Looking up at the rows and rows of windows overlooking the park, it’s not hard to understand why: This is not a secluded area. Surveillance cameras, big-brother implications aside, would be completely superfluous here. Everything you do in this park is potentially witnessed by a large number of residents. And this, combined with the nearly constant flow of passerby, is where the accusation of underuse becomes demonstrably unfounded.
We seem to have a problem in Richmond with people complaining about what’s not happening, as though they are detached to an extent of helplessness to make those things happen. Joyce is not one of those people, and her proactive, visionary community involvement might just prove to be the cure to passive, reactionary criticism.
We’re not a high-crime park. And that’s putting it lightly. We’re really low crime. And I think, I don’t know, but it wasn’t always that way. There were gangs here, but they were run out. Actually that guy’s [points to the home of an ex-mounted police officer in view of the park] mom coordinated a sting with the other neighbors and the police. Those apartments [pointing in the opposite direction] used to be welfare housing, and every time they got their checks they would come out here and party 24-hours a day. So it was a different kind of neighborhood 15-20 years ago. But now we have half home-owners, half renters, so I think the way to engage both types of folks, and we have so many different interests around the park, we have a 55 and older community over here, Binford middle school over there, places with families, students, all sorts of people, we want to have more planned activity to drive more interest in the park, and to help maintain it, to have an active park. And to be able to document that it’s active to the folks that think it’s not. But having been here just for the mural, it’s pretty active. There’s a lot of people in and out of here, walking their dogs, sitting and eating lunch, they bring their kids and let them play.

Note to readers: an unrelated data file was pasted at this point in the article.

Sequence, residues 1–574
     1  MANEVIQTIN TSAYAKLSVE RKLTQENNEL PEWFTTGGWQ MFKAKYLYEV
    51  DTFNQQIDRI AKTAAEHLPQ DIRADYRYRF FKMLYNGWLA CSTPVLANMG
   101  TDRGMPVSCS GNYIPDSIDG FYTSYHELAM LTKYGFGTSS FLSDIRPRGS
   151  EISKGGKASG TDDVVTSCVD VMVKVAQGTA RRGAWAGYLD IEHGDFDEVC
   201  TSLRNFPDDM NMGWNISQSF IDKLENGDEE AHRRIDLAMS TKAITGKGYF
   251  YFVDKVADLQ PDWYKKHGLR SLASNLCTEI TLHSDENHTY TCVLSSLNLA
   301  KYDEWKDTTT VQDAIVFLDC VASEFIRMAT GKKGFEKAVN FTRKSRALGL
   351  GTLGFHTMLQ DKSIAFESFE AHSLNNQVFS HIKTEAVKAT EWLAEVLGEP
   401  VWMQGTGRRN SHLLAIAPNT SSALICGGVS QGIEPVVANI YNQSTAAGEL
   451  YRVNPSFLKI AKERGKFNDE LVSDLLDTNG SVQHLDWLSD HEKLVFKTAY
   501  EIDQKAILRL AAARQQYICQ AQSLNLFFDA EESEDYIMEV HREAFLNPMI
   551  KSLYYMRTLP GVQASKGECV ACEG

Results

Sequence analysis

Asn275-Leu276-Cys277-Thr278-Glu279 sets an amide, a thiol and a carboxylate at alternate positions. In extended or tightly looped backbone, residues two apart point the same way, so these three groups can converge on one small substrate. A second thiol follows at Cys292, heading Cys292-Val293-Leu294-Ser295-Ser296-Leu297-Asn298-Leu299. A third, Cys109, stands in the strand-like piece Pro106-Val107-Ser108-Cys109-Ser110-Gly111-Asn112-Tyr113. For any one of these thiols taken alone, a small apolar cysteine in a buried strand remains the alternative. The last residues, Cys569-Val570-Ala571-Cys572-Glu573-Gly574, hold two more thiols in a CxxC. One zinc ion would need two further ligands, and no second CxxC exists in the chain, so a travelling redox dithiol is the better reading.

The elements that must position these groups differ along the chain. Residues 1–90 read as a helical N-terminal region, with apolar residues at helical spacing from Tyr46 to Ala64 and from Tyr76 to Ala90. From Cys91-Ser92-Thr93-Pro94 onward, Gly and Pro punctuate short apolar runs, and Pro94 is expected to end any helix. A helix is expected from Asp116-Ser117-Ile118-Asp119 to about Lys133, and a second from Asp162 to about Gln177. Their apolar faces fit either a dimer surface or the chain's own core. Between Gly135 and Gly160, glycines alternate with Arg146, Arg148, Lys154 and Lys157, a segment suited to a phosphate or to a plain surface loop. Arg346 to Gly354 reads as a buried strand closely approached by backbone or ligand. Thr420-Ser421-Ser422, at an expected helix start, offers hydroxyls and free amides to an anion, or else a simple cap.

Paradise Park, named for the gigantic Paradise tree at its center, has as much historical significance as it does potential. Designed by artist and architect Carlton Abbot in 1968, it has garnered two awards, one by the Virginia chapter of the American Institute of Architects, and the other for urban design in Richmond.
The time-transcendent collaboration of a group painting such a prestigious structure created over 30 years ago is enough to curate a series of philosophical goose bumps, but may be beside the relevant point.
The underpinning of community interaction, growth, and development has always been the increasingly neglected cultivation of a commons: that place in which ownership is shared and territorialism unnecessary. It is the forum in which the imperative sense of a collective experience can be fostered, where the free exchange of ideas and noncompetitive self-expression can be practiced, where community is created and becomes more than that which is necessitated by the proximity of our dwellings. It is where we entertain discourse, and learn to accept each other, where we can evolve into an urban village, an amalgamation of friends, fulfill our mutual potential, and build a family.
Join us this Saturday, August 8th from 11am-1pm, and march around the block with the NO BS Brass Band, visit Art on Wheels mobile printing press and the Visual Arts Center craft table, and be sure to thank Donna Joyce and all the tirelessly dedicated volunteers doing something to make this city what it could be. For more info, visit http://homepage.mac.com/peani/Park/
words :: S. Preston Duncan images :: Ian M. Graham